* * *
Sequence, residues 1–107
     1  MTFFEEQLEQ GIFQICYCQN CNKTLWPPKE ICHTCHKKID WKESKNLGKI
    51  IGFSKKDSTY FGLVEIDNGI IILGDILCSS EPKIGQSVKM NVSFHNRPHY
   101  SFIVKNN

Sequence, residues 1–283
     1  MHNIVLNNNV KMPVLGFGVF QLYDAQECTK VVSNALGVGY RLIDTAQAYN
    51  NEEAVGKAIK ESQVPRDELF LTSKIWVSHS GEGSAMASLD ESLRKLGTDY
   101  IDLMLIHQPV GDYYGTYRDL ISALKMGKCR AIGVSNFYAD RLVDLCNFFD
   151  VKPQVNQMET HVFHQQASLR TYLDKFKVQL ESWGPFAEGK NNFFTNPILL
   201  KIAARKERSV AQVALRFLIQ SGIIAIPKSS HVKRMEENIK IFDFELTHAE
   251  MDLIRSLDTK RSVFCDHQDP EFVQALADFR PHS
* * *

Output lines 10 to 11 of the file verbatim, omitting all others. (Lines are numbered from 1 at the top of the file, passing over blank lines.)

   201  KIAARKERSV AQVALRFLIQ SGIIAIPKSS HVKRMEENIK IFDFELTHAE
   251  MDLIRSLDTK RSVFCDHQDP EFVQALADFR PHS